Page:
that he was deeply worried about the Web site's debut. "Let's just make sure
it's not a third-world experience," he told them.

Two weeks after the rollout, few would say his hopes were realized.

For the past 12 days, a system costing more than $400 million and billed as
a one-stop click-and-go hub for citizens seeking health insurance has
thwarted the efforts of millions to simply log in. The growing national
outcry has deeply embarrassed the White House, which has refused to say how
many people have enrolled through the federal exchange.

Even some supporters of the Affordable Care Act worry that the flaws in the
system, if not quickly fixed, could threaten the fiscal health of the
insurance initiative, which depends on throngs of customers to spread the
risk and keep prices low. ...

Deloitte IT projects plagued with troubles around the country (Woolhouse and Healy)

Monty Solomon <>
Mon, 14 Oct 2013 10:01:01 -0400
6 Oct 2013

Mass. IT project is latest black eye for Deloitte
By Megan Woolhouse and Beth Healy |  GLOBE STAFF
07 Oct 2013â15

State senate committee to hold hearing on troubled Deloitte unemployment system contract
October 3, 2013

A thousand defects: DOR fired Deloitte in August
October 3, 2013

$54m later, state fired computer contractor
By Megan Woolhouse and Beth Healy |  GLOBE STAFF
04 Oct 2013â15

Massachusetts, California jobless benefit claim woes both tied to Deloitte Consulting of New York
24 Sep 2013

Mass., Calif. benefit claim woes tied to same firm
By Megan Woolhouse |  GLOBE STAFF
25 Sep 2013â15

Flawed contract for jobless claim system cost state millions
By Beth Healy and Megan Woolhouse |  GLOBE STAFF
19 Sep 2013â15

Online Application Woes Make Students Anxious and Put Colleges Behind Schedule

Lauren Weinstein <>
Sun, 13 Oct 2013 09:43:32 -0700
  With early admission deadlines looming for hundreds of thousands of
  students, the new version of the online Common Application shared by more
  than 500 colleges and universities has been plagued by numerous
  malfunctions, alarming students and parents and putting admissions offices
  weeks behind schedule "It's been a nightmare," Jason C. Locke, associate
  vice provost for enrollment at Cornell University. "I've been a supporter
  of the Common App, but in this case, they've really fallen down."  (*The New York Times* via NNSquad)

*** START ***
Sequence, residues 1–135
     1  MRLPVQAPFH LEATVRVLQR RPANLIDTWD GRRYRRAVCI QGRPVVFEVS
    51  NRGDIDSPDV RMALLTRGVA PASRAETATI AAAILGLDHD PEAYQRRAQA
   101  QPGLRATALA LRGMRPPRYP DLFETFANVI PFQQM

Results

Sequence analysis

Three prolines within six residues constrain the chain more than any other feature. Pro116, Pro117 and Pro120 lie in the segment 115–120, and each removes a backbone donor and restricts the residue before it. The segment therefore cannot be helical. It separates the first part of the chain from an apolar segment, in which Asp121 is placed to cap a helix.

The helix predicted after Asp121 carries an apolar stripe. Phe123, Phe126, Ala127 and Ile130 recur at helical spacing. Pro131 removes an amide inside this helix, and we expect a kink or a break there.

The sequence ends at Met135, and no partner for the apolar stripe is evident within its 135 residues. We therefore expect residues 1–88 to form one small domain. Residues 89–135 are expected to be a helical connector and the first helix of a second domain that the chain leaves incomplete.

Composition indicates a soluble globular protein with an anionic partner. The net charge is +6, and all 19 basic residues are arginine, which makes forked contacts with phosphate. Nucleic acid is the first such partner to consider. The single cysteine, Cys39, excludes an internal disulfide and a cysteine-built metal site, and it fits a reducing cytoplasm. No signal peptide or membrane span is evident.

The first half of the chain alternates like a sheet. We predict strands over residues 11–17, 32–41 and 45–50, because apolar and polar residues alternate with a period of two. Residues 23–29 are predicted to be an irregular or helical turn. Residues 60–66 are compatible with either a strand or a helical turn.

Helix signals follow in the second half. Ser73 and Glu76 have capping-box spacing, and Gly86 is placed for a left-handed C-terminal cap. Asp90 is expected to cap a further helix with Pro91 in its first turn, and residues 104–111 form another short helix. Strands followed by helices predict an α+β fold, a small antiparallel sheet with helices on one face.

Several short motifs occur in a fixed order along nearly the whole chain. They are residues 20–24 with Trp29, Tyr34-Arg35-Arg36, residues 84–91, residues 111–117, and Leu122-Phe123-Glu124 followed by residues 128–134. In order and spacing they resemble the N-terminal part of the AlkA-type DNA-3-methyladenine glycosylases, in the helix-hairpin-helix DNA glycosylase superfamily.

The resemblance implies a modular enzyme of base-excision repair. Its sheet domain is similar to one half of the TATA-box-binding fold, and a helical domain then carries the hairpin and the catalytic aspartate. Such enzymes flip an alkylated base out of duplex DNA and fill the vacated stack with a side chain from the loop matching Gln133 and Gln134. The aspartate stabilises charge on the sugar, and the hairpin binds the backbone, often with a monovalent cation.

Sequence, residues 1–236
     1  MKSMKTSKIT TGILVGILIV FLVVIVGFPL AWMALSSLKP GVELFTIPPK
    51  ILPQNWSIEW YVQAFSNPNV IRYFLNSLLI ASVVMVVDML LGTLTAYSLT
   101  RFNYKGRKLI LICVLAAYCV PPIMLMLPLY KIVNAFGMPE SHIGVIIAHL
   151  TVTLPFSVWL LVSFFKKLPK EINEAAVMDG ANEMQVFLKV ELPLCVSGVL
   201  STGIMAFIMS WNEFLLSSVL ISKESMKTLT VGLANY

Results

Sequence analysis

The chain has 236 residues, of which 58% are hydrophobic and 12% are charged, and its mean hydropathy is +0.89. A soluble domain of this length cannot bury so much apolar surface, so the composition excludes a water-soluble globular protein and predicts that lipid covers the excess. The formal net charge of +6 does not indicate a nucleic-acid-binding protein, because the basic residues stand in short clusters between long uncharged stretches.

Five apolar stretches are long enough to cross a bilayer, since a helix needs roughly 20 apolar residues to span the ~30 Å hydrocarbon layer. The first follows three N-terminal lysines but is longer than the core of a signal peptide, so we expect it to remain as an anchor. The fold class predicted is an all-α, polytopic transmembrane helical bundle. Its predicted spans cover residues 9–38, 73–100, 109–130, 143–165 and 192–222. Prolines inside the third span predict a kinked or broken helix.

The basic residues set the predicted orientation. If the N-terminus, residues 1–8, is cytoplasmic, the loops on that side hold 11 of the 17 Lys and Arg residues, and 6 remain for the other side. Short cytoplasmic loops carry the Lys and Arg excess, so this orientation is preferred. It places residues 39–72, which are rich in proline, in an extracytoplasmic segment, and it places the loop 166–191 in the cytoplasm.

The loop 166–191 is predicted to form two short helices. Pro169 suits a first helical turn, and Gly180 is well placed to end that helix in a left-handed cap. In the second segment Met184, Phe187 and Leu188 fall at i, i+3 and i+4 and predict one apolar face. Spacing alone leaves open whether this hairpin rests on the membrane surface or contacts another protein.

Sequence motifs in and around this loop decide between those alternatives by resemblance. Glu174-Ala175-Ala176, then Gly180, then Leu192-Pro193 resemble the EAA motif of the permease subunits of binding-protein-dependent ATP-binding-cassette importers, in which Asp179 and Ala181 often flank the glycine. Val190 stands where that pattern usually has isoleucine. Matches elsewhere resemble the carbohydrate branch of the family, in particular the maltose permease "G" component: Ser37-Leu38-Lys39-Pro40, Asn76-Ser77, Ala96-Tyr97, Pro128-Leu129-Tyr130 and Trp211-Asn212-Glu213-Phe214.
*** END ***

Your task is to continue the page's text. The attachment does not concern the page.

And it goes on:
So, like, this is rocket science to do correctly at these volumes of
transactions for relatively straightforward applications? Uh, no.

Deutsche Telekom hopes to hide German Internet traffic from spies

Lauren Weinstein <>
Sun, 13 Oct 2013 11:43:27 -0700
  "One of Deutsche Telekom's competitors, Internet service provider QSC, had
  questioned the feasibility of its plan to shield Internet traffic, saying
  it was not possible to determine clearly whether data was being routed
  nationally or internationally, WirtschaftsWoche magazine reported."  (Reuters via NNSquad)

What they really mean is foreign spies. Their own vast surveillance
apparatus of course would have full access. No matter, it's basically
impractical, as noted.

"We can't let the Internet become Balkanized" (Sascha Meinrath)

Lauren Weinstein <>
Mon, 14 Oct 2013 08:28:54 -0700  (Slate via NNSquad)

  "Traditionally, that debate has featured America in the role as champion
  of a free and open Internet, one that guarantees the right of all people
  to freely express themselves. Arguing against that ideal: repressive
  regimes that have sought to limit connectivity and access to
  information. The NSA's actions have shifted that debate, alienating key
  Internet-freedom allies and emboldening some of the most repressive
  regimes on the planet. Think of it as an emerging coalition between
  countries that object to how the United States is going about upholding
  its avowed principles for a free Internet, and countries that have
  objected to those avowed principles all along."

 - - -

It is my personal belief that much of the breathless foreign government
hyperbole against the US relating to surveillance has little do with actual
surveillance (after all, many of these countries have their own major
surveillance systems, sometimes focused specifically inward to further
political repression and censorship) and everything to do with pushing the
abhorrent UN/ITU agenda (or similar agendas) for Internet control that would
codify censorship and heavy-handed government directed dictates over
Internet content and associated retribution against Internet users.  China's
and Russia's longstanding duplicity in these respects relating to Internet
governance and censorship is particularly noteworthy.

"Risk considerations: Tracking services monitor your every move" (Steve Ragan)

Gene Wirchenko <>
Mon, 14 Oct 2013 13:16:24 -0700
Steve Ragan, CSO Online, 14 Oct 2013
Tracking services offer no real value to the business, but they exist on
networks both large and small, and administrators are often unaware of their